EIGHT MOST READ - DEEGAN ON LA-While cut through traffic, especially during rush hours, is disrupting neighborhoods cutthroat like, it appears that community voices have not cut into the official City Hall conversation, and there’s an easy solution for that: it’s called a Community Impact Statement.
Every resident of the City is a stakeholder in their local Neighborhood Council. The NCs have a mechanism called a Community Impact Statement (CIS) to submit to City Hall their position on issues that concern their stakeholders. These CISs then become part of the official record and are reviewed with all other documents, motions and reports in the relevant council file when the City Council prepares to deliberate and vote on an issue.
Often, quiet, sleepy neighborhoods suddenly become rush-hour annexes of major boulevards, and there’s surprisingly little community blowback in the way of Community Impact Statements alerting city councilmembers of the opposition to “avoidance apps” like Waze that help drivers avoid heavy traffic by rerouting them through neighborhood side streets.
In this instance, no community advocates, such as residential associations and homeowner groups, have yet used their neighborhood councils to submit community impact statements objecting to how Waze operates and disturbs their neighborhoods. Consequently, there is nothing from the communities and neighborhoods in the official record (called a “Council File”) that City Councilmembers review as part of their deliberations.
The genius of the traffic avoidance app (or the devil if it’s your neighborhood that’s become a popular cut through street thanks to it) is that it streams live reports of traffic near you and suggests which turns to take into and through neighborhoods to avoid congestion. When you have one of these apps turned on, it is actually tracking exactly where you are. It combines that with data from other nearby drivers into algorithms to create an alternative route for you to avoid the busy parts of your route.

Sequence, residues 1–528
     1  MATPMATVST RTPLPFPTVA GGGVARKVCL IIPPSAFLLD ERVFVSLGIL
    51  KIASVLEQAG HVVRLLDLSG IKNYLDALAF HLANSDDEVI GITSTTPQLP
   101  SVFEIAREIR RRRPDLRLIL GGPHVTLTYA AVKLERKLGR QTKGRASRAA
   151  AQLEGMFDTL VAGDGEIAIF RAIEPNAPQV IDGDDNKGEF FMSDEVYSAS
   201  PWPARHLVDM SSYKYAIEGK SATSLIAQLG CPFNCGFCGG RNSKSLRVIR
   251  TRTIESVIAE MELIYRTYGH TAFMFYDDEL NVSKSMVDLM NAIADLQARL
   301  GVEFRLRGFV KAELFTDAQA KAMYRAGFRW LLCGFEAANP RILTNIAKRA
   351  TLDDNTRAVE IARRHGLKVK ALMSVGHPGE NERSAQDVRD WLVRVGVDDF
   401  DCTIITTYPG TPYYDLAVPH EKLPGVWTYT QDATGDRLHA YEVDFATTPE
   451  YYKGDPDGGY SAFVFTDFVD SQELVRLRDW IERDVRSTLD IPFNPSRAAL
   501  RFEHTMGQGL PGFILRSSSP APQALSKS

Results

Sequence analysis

It’s not back seat driving, but more like a cyber big brother on your shoulder watching every move you make – collecting all your driving data on the Waze app showing exactly where you are every minute you’re in your car, as long as the app is turned on. This includes private information like what your repeat destinations are, where and when you might drop off and pick up your kids for school, where your home is, where you park every night, and what time you start your day in your car. Civil libertarians may be uncomfortable with this sort of privacy intrusion. Advertisers, however, like to know your habits so they can send pop-up ads to your smartphone for places to shop along your route.
Waze is owned by Google, which aggressively collects data from users of their apps (Waze, Gmail, Google Maps, YouTube, Chrome, Google Search, Google Now, Google Weather, Google Photos, and Hangout) and uses the data it mines and harvests to make a fortune selling targeted users of Google applications to advertisers.
The City Council is trying to figure out how to get a handle on avoidance apps. Councilmember David Ryu (CD4) got the ball rolling with a letter to City Attorney Mike Feuer asking his office “to explore filing suit against Waze, owned by Google LLC, a subsidiary of Alphabet, for creating a dangerous condition in the public right of way.”
That request has evolved into Council File 1800304 “Mobile Mapping Applications (Apps) / Impact to Neighborhood City Streets / Reduce Hazards / Feasibility Report.” A few days ago, the Council’s Transportation committee issued a report recommending that the city’s Department of Transportation (LADOT) “negotiate a data sharing agreement with navigation application companies...and report back to the Council in 90 days.” So, by mid-February, we should have a better idea of what the City plans to do to mitigate this neighborhood nuisance.
That gives plenty of time for concerned community leaders, homeowners and residential groups, and other stakeholders to go to their neighborhood councils and ask for a Community Impact Statement to be submitted to the City Council for insertion into the public record of CF-1800304 so when the council members read the LADOT recommendations about Waze, they will also be able to read what communities have to say as part of the official record.
Very few CISs are ever submitted, and that’s a shame because it’s a way to claim a voice at the council table. It’s an easy process: go to your neighborhood council and ask them to hear your concerns (which is their job) and advocate for you to the City (which is their job). How to Submit a Community Impact Statement instructions lay out the easy steps.
Right now, you don't need an “avoidance app” to work your way around the congestion of so many Community Impact Statements being trafficked to Council File 1800304 (Waze). There are exactly zero CISs in that queue. Today, there are green lights all the way to help speed your CIS about your neighborhood and cut though “streets abuse” to City Hall.
(Tim Deegan is a civic activist whose DEEGAN ON LA weekly column about city planning, new urbanism, the environment, and the homeless appear in CityWatch. Tim can be reached at email@example.com.) Edited for CityWatch by Linda Abrams.